If an agency requires an applicant's criminal history in the hiring process, the agency may not:
- Unless a statute prohibits a person convicted of a specific crime from serving in that position, indicate that a person with a criminal record may not apply; and
- Inquire or determine the applicant's criminal history until the agency makes a conditional offer of employment.
If the applicant has a criminal conviction, the agency must consider the following factors when deciding whether the conviction disqualifies the applicant from the position:
- The nature of the conviction;
- The relationship between the conviction and the specific position for hire and the bearing, if any, the conviction will have on his or her fitness or ability to perform the duties and responsibilities;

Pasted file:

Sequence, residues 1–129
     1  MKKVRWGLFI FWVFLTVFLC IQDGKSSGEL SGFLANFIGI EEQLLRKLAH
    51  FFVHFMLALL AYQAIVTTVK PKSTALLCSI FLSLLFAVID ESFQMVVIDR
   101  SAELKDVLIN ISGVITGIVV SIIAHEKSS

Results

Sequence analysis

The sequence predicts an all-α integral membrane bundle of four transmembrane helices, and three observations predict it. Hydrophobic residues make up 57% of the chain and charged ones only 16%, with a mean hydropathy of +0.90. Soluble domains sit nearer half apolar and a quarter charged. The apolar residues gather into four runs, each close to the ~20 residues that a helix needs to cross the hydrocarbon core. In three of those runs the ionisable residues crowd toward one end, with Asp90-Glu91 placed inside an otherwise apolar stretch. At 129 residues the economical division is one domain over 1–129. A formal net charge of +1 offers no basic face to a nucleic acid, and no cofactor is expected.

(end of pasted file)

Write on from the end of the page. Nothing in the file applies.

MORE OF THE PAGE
- Any information produced by the applicant or produced on his or her behalf regarding his or her rehabilitation and good conduct; and
- The time that has elapsed since the applicant's conviction.
The bill specifies that unless the offense is specifically related to the profession being licensed and was committed within ten years of the application for licensure or unless there is a specific statutory requirement to consider an individual's criminal history when granting a state license, such a consideration is unlawful.